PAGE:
How deception can compliment your existing security toolset
In today’s world, cyber security is more critical than ever before. As technology evolves, so do the tactics of hackers and other cybercriminals. This is why it is essential to have a well-rounded security toolset to protect your business’s data and assets.
However, despite your best efforts, breaches still occur. This is where deception can come in and compliment your existing security toolset. In this blog post, we will explore the benefits of deception and how it can help provide an excellent early warning sign that something isn’t quite right.
Firstly, what is deception, and what is a honeypot?
Deception is a broad concept that involves creating an illusion of your IT environment to lure attackers away from your actual data and assets. It can be achieved through a range of techniques such as decoys, traps, and other forms of misdirection.
Honeypots, on the other hand, are a specific type of deception technology. They are computer systems or applications designed to look like legitimate assets but are in fact, specifically set up to be attacked by cybercriminals.
So, how can deception compliment your existing security toolset? Here are some of the ways:
Early Detection of Threats
One of the key benefits of deception is its ability to detect threats early on. By creating an environment that is rich in decoys and other traps, deception technology can identify when an attacker is attempting to access your system. This early detection can help prevent the attack from becoming more severe and damaging.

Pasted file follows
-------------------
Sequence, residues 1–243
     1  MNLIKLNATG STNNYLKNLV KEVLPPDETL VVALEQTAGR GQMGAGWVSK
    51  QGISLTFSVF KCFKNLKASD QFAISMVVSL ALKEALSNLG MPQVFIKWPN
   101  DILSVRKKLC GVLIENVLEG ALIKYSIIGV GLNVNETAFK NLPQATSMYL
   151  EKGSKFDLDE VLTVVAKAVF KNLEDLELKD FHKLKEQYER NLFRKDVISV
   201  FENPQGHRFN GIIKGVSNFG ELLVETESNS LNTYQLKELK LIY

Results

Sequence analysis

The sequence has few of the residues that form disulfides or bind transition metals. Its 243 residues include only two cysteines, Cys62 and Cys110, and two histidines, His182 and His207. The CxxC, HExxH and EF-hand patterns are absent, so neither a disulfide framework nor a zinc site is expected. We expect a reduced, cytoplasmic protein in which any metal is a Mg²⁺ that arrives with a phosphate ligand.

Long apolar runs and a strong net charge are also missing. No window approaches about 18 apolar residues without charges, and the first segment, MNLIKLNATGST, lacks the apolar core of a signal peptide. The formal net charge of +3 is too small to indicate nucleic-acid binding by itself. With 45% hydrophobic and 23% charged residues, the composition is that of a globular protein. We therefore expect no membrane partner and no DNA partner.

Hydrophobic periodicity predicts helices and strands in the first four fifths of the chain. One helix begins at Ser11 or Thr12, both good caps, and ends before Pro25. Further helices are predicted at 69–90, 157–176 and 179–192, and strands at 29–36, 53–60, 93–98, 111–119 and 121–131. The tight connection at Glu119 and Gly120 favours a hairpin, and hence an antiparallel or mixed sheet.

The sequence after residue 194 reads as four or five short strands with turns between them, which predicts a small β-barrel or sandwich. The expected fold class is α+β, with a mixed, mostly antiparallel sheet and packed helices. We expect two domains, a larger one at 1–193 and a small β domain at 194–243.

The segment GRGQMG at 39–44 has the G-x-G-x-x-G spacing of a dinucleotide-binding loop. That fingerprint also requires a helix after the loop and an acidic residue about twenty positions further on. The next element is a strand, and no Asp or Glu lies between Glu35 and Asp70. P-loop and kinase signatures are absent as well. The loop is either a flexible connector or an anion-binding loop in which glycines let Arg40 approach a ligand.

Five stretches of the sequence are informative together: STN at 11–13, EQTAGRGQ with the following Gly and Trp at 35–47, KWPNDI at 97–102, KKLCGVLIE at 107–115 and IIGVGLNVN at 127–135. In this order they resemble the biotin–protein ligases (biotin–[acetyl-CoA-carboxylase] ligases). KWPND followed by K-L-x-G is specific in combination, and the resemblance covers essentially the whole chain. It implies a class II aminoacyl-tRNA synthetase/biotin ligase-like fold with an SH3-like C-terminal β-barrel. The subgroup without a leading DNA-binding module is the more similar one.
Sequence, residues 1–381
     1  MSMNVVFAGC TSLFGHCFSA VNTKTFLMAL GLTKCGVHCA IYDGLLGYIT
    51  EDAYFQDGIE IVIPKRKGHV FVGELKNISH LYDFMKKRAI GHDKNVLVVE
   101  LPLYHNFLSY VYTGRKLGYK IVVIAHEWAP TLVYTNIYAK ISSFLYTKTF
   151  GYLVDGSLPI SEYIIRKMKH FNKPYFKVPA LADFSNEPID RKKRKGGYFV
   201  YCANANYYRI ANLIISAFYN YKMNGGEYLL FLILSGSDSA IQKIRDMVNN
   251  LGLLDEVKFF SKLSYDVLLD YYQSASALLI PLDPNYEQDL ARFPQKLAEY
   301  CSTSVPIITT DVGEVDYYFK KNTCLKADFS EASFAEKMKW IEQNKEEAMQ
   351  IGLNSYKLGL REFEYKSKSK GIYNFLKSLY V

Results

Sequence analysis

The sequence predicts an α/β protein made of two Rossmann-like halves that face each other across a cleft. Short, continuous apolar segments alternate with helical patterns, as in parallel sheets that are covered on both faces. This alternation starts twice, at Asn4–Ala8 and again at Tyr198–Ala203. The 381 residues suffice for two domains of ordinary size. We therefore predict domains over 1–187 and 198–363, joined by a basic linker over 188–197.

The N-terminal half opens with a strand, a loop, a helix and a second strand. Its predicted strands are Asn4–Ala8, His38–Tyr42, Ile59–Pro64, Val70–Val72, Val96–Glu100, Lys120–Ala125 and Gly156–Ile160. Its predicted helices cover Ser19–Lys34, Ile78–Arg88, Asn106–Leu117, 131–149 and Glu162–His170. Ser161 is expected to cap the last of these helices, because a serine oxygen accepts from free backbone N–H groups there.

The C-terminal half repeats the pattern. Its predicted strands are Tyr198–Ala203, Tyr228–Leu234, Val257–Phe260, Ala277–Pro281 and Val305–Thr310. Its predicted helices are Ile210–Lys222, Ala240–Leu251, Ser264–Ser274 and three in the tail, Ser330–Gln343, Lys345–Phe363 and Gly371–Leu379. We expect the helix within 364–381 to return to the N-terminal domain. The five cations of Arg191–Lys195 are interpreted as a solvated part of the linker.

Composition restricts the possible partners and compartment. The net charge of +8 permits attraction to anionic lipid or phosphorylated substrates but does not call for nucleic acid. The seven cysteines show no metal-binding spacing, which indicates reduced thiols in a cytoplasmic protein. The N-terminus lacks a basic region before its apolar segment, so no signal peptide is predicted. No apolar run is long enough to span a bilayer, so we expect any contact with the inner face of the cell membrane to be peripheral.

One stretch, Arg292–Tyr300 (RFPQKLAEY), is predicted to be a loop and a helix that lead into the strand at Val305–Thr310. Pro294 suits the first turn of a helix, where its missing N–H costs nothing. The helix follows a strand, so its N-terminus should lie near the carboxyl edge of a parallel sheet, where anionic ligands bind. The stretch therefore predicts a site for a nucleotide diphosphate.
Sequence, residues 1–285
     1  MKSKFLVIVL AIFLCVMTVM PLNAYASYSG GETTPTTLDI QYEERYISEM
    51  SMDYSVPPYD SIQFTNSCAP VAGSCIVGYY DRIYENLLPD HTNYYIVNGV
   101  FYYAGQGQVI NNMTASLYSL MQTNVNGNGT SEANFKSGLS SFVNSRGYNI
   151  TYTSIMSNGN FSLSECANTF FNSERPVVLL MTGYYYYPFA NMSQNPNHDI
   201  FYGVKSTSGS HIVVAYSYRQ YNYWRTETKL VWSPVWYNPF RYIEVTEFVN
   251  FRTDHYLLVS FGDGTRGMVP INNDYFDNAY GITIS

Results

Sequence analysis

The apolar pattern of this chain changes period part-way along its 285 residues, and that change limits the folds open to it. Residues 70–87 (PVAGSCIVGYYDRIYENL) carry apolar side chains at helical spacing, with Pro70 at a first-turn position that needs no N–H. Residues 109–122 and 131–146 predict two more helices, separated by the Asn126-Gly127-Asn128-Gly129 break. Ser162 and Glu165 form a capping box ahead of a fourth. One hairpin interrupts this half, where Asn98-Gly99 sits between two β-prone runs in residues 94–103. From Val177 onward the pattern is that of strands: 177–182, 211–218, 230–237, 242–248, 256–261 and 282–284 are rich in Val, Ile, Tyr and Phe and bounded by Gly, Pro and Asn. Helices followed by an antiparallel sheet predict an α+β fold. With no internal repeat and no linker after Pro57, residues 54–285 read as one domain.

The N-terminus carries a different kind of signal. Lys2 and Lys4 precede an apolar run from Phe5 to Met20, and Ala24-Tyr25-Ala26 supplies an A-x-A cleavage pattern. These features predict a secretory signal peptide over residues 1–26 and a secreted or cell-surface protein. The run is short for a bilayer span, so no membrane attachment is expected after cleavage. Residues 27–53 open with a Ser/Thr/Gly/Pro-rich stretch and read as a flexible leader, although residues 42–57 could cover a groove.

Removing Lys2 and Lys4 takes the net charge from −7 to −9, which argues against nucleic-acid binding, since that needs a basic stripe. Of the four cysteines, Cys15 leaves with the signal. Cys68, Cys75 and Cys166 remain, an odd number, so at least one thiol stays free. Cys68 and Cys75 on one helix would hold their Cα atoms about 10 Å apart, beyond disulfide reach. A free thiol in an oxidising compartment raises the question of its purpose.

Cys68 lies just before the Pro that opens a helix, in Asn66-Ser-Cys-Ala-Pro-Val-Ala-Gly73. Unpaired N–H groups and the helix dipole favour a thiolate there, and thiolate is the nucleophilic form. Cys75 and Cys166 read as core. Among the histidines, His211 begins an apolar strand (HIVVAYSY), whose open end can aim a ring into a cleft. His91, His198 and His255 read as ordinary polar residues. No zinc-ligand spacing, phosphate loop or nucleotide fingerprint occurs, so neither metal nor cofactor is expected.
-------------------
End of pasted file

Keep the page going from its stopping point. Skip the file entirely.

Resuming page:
Improved Incident Response
In the event of a breach, deception technology can help improve your incident response times. By identifying the attacker’s movements and tactics, you can gain valuable insight into their methods and determine the best course of action to take to stop the attack.
Reduction in False Positives
Deception technology can also help reduce the number of false positives that security teams need to investigate. By utilising tempting honeypots to lure an attacker or malicious insider, you can place these in key parts of your environment that your colleagues would not usually bother to explore. For example, honey AWS credentials stored in a users profile directory, hidden from view. Due to where they are placed, you can safely assume that when they are triggered, it is because someone has actively gone looking for them or snooping around.
Deception technology can also increase visibility into your IT environment. By creating decoys and traps, you can gain insight into how attackers are attempting to access your systems and where they are targeting. This increased visibility can help you make more informed decisions about your security posture and identify areas that may need improvement.
Deception technology can also be customized to meet your specific needs. By tailoring your decoys and traps to your unique environment, you can make it more challenging for attackers to locate and access your critical systems.
In conclusion, deception can be a valuable addition to your existing security toolset. By providing early detection of threats, improving incident response, reducing false positives, increasing visibility, and offering customization, deception technology can help protect your business from cyber attacks. If you’re interested in learning more about how deception can help secure your business, be sure to check out Breach Insider.
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